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Farmers back to business with San Diego farmers markets now considered essential

Many local markets were closed but after implementing coronavirus-related safety changes are back open and considered equal to grocery stores.

Some San Diego farmers markets are re-opening but with new coronavirus-related restrictions. Farmers are pleased that the markets are now considered essential in the same way grocery stores are as this gives them back their livelihood.

Carlos Rodriguez said he is back in his element. As a fifth-generation farmer for his family’s business J.R. Organics, the La Jolla Farmers Market is where he feels at home. He said he's been going there for a very long time.

“Since day one - 21 years probably,” he said.

Looking around the market Sunday, it was pretty easy to tell is hasn’t been business as usual. Rodriguez was wearing a mask and gloves. Of the customers, almost everyone was also wearing a mask - a key sign the coronavirus pandemic is ongoing.

“This is something out of this world,” Rodriguez said.

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Like many businesses, his farm was hit hard by the coronavirus when many of the farmers markets in San Diego County had to close for several weeks.

Some markets have since reopened after being deemed essential businesses by the Department of Environment Health.

Now the market is filled with hand-washing stations and they enforce social distancing.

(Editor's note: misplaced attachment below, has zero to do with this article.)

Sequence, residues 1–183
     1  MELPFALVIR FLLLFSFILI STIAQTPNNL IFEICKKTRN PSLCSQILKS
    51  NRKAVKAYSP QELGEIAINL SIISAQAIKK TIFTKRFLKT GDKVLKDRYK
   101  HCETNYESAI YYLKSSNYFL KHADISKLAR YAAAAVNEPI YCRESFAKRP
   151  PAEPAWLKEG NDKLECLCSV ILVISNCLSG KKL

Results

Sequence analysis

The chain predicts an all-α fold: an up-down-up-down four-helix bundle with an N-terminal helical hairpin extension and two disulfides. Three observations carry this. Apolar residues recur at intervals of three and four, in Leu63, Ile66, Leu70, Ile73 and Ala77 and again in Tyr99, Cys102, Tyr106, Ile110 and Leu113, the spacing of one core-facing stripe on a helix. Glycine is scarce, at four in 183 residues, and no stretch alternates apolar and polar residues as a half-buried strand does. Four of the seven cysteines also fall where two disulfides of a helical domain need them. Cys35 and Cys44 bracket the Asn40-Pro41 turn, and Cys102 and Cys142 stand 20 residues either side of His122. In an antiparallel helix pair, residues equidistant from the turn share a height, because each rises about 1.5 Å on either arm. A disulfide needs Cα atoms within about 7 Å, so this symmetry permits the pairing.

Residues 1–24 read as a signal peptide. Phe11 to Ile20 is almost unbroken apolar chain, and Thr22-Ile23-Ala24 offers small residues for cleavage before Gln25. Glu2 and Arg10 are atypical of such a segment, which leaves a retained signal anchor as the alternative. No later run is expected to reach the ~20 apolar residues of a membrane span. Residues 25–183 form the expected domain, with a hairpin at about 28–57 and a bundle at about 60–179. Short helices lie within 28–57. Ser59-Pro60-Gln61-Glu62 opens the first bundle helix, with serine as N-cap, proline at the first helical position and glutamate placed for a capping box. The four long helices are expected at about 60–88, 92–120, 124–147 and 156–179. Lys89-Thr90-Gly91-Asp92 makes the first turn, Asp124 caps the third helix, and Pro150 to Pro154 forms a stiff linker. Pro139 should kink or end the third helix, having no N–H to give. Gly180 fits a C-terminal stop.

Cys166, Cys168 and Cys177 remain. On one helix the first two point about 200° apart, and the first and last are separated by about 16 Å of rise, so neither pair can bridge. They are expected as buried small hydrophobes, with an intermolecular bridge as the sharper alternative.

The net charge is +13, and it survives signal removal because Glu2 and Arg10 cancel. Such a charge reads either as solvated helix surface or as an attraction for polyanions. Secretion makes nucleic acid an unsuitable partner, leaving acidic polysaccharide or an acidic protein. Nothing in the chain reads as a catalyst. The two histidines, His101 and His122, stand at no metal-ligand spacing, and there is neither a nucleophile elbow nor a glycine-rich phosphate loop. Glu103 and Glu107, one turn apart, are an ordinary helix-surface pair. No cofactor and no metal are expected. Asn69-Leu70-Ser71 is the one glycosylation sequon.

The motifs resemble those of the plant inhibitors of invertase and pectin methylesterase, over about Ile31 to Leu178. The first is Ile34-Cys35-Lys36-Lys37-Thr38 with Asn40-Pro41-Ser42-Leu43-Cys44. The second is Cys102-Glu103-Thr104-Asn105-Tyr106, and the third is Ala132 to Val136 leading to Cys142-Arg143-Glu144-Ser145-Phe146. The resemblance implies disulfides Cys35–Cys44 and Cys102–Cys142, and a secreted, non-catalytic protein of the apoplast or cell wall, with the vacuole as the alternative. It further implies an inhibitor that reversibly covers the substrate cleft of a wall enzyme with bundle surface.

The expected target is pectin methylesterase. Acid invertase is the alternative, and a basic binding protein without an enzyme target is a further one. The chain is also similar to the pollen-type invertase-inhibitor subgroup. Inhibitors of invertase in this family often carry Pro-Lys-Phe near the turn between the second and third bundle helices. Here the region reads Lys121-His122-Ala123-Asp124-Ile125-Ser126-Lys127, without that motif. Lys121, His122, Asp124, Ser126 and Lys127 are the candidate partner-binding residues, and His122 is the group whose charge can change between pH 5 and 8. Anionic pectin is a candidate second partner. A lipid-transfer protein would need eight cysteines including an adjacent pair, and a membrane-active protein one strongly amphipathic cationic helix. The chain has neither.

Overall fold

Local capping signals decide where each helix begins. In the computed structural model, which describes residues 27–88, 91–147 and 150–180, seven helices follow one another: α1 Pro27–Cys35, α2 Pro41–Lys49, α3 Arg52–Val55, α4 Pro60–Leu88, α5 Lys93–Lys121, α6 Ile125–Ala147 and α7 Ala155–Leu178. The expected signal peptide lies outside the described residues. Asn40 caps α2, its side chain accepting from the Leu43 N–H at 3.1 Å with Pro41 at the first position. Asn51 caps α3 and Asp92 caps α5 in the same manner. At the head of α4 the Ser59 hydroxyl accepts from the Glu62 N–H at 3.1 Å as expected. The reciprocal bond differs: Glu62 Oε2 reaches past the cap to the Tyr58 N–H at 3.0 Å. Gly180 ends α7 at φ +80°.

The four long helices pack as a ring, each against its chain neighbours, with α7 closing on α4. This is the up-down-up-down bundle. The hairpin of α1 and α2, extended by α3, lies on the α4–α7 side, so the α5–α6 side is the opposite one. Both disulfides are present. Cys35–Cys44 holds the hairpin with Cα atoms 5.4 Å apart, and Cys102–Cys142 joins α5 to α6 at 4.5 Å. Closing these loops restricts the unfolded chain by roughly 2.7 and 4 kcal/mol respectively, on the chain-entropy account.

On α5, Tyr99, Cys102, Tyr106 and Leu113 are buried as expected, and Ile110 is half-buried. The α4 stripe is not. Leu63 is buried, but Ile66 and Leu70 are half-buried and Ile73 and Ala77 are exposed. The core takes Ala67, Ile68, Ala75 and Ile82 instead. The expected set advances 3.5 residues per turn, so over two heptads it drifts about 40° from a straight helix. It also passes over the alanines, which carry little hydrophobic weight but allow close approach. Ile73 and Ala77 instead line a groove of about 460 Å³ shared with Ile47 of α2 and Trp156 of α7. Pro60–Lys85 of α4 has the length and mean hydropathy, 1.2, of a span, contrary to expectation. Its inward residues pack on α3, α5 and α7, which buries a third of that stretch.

“At first, it really scared us because we didn’t know what we were going to do as farmers," said Licha Williams. 

Her family, who owns Rodney Kawano Farms, has also been selling at the market for years.

“For us, it was really hard. Like we need to keep it going. They worked hard and they got us back and so it’s awesome we’re back here again,” she said.

Many vendors like Rodriguez, had to come up with innovative ideas to get their products to customers.

He turned to social media and mini pop-ups, which helped them stay afloat during the shutdowns.

Now with things slowly returning to normal, Rodriguez is just glad to be back doing what he loves, providing the quality organics his family is known for.

“Nobody even thought something like this would ever happen - nobody," he said. "We just gotta go with it and everybody be careful and hopefully we can beat this virus”

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